Turning first to FIGS. 1A-C, there are shown several embodiments of tissue anchors 50 suitable for use in the tissue anchor assemblies described herein. In each of the embodiments, the tissue anchor 50 includes a main body 51 having a broad contact surface 52 and an opposite, exposed surface 54. A passage 56 is provided to allow a connector, such as a suture 60, to pass through the anchor 50. A stop member, such as a knot 62 or a block, a bead or other member, is provided on the suture 60. The relative sizes of the knot 62 and the passage 56 are such that the knot 62 is unable to pass through the passage 56, thereby creating the ability for the suture 60 to apply a force to the tissue anchor 50 as the suture 60 is placed under tension.
Although a suture 60 is included in the embodiments illustrated in FIGS. 1A-C as well as several of the embodiments described below, alternative embodiments include connectors having other constructions and connectors formed of other materials. For example, in some embodiments, the connector is a wire, a fiber, a filament, a rod, or other member suitable for performing the functions of the connector.
In the embodiments shown and those described below, the main body 51 portion, the connector, the cinching mechanism, and the other components of the tissue anchor assembly are preferably formed of biocompatible and/or bioabsorbable materials, including but not limited to metals or metallic materials such as stainless steel, titanium, nickel, nickel-titanium alloy (i.e., Nitinol) or other alloys, plastics or other polymeric materials, biocompatible or bioabsorb able (e.g., PGA, PLA, PLG and other lactide-glycolide polymers and copolymers) suture, braid, or mesh, and other medical grade materials conventionally used for tissue anchors, sutures, implants, and similar devices. Several tissue anchor assembly embodiments are formed of combinations of these materials.
The main body 51 and the other components of the tissue anchor 50 are adapted to transition from a low-profile delivery configuration to be releasably received in a delivery device (such as a needle), and then to transition to a deployment configuration after delivery. In some embodiments, the transition to the deployment configuration is caused by spontaneous expansion due to the materials or construction of the tissue anchor 50. In other embodiments, the transition to the deployment configuration is caused or facilitated by retraction of the tissue anchor 50 against tissue.
In the embodiment shown in
In the embodiment shown in
In the embodiment shown in
A tissue anchor assembly 100 is shown in FIGS. 2A-B. The tissue anchor assembly 100 includes a pair of tissue anchors including a distal anchor 50 a and a proximal anchor 50 b, each slidably attached to a connector (e.g., a suture 60), A cinching mechanism, such as a cinch 102, is provided on the suture 60. Additional information concerning the cinching mechanism is described below in relation to FIGS. 20A-B. In the embodiment shown, the anchors 50 each include a plurality of resilient struts 90 extending from and formed integrally with a central collar 58. In an alternative embodiment, the struts 90 are attached to but not integrally formed with the collar 58. The materials and construction of the anchors 50 are described more fully below in relation to FIGS. 3A-C.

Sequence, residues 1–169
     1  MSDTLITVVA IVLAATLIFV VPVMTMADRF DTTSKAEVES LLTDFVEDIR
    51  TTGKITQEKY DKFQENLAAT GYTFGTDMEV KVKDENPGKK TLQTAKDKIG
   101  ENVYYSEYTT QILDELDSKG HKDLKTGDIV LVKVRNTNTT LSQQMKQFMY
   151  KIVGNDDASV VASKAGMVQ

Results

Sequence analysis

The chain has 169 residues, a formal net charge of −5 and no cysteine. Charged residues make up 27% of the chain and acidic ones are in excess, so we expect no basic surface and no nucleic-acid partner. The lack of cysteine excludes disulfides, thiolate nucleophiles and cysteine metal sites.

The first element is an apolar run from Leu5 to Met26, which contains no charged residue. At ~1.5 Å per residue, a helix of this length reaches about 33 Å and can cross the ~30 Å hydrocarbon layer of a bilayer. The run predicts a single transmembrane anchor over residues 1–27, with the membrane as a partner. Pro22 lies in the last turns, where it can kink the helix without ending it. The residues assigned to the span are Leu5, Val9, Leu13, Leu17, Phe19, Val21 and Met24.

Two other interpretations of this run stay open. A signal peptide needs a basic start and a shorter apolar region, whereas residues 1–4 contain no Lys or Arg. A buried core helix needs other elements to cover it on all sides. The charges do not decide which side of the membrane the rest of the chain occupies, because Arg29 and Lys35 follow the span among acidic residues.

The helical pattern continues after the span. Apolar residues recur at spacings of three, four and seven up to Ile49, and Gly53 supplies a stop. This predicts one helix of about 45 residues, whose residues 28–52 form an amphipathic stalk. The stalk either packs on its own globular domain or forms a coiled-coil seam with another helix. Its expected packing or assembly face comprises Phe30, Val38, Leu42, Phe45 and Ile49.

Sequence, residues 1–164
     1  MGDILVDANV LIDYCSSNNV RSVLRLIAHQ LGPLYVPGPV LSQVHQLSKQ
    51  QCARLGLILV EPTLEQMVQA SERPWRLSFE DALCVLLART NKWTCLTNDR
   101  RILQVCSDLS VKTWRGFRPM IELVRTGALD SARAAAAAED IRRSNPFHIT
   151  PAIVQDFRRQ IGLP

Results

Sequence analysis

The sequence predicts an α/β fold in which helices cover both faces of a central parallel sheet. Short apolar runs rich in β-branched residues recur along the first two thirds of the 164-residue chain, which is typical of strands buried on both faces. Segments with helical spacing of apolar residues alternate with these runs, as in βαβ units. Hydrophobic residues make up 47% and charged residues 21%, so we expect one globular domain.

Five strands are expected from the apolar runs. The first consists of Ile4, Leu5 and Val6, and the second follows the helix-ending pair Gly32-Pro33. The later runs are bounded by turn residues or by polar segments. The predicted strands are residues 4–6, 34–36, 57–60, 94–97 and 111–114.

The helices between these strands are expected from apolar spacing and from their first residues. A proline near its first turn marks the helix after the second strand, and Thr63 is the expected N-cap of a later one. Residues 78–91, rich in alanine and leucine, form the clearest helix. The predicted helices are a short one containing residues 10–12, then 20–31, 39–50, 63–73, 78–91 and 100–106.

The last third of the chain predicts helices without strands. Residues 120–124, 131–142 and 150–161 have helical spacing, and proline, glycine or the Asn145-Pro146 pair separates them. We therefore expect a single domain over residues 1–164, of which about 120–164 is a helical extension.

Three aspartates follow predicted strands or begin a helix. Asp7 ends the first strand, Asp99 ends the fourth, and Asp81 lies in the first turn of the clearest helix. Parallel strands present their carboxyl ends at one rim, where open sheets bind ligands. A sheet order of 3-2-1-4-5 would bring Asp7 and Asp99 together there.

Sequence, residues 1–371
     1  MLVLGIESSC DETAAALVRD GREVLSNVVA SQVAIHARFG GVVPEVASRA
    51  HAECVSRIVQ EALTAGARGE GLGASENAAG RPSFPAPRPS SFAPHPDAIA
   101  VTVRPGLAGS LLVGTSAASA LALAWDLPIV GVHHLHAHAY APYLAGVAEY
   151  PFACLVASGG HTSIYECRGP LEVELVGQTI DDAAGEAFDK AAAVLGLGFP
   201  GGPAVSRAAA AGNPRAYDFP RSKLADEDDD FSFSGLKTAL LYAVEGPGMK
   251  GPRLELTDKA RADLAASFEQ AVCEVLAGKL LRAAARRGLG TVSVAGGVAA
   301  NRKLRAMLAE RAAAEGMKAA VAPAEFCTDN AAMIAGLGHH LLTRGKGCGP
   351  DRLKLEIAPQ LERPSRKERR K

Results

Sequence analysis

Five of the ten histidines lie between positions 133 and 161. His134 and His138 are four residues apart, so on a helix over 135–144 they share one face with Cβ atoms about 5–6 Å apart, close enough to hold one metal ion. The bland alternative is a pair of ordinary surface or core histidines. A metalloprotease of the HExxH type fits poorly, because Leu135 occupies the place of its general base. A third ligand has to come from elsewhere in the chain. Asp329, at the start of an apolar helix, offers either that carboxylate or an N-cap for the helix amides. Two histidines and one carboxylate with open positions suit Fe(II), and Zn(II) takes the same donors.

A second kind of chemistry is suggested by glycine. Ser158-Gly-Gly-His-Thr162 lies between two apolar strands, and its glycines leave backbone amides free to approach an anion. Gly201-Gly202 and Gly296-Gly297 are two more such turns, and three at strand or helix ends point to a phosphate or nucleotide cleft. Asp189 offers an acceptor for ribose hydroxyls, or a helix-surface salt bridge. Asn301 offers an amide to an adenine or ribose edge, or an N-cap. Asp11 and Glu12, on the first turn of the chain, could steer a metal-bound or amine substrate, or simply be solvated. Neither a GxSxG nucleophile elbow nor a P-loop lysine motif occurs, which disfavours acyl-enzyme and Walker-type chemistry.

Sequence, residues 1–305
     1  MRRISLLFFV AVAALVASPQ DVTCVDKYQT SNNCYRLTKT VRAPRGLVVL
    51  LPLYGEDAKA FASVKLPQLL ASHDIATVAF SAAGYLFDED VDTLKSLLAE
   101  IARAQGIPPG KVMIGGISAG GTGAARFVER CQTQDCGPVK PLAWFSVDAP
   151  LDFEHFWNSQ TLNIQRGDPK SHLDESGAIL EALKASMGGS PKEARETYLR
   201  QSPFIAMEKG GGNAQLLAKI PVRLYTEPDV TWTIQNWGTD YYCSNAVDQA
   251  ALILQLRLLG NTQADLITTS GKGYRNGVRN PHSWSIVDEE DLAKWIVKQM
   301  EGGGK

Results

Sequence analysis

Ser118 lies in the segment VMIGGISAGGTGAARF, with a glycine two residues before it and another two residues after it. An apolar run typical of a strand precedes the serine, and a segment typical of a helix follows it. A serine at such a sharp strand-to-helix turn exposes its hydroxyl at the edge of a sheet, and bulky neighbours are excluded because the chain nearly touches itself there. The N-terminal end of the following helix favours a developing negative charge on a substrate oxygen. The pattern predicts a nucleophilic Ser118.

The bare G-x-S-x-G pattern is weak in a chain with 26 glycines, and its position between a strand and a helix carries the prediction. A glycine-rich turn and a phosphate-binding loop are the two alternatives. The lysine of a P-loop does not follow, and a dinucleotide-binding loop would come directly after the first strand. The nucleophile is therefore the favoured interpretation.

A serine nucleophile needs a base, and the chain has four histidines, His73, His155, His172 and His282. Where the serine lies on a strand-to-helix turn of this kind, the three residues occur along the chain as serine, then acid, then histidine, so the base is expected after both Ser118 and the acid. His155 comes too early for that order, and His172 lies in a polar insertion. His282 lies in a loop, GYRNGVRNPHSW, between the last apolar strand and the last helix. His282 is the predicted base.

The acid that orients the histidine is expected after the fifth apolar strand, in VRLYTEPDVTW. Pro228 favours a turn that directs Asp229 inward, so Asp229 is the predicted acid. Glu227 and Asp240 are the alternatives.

The radial extension of the struts 90 of the anchors 50 creates an enlarged contact surface 52 for each of the anchors 50, As described above, the enlarged contact surface 52 provides advantages in applied forces, force distribution, and promotion of healing. In particular, because there is no collar 58 or other similar structure that forms or that is included on the contact surface 52 of the anchors, the contact surfaces 52 of the anchors 50 are able to come into close proximity to one another to more effectively approximate tissue interposed between the anchors.
In FIGS. 3A-D, there is shown a method for manufacturing the tissue anchor 50 described above in relation to FIGS. 2A-B. In
In some embodiments, cut-in features are formed on portions of one or more of the struts 90. For example, in
FIGS. 4A-B and 5A-B show additional features that are optionally applied to the tissue anchors 50 described above. FIGS. 4A-B and 5A-B show top views and side views, respectively, of tissue anchors 50 formed generally in the manner described above in relation to FIGS. 3A-C. In the embodiment shown in FIGS. 4A-B, the struts 90 are each curled within a vertical plane to form a vertically curled terminal end 98. In the embodiment shown in FIGS. 5A-B, the struts 90 are each curled within a generally horizontal plane to form a horizontally curled terminal end 99. The vertically curled and horizontally curled terminal end features provide variations to the size of the contact surface 52 and to the resiliency of the struts 90 incorporated into the tissue anchors.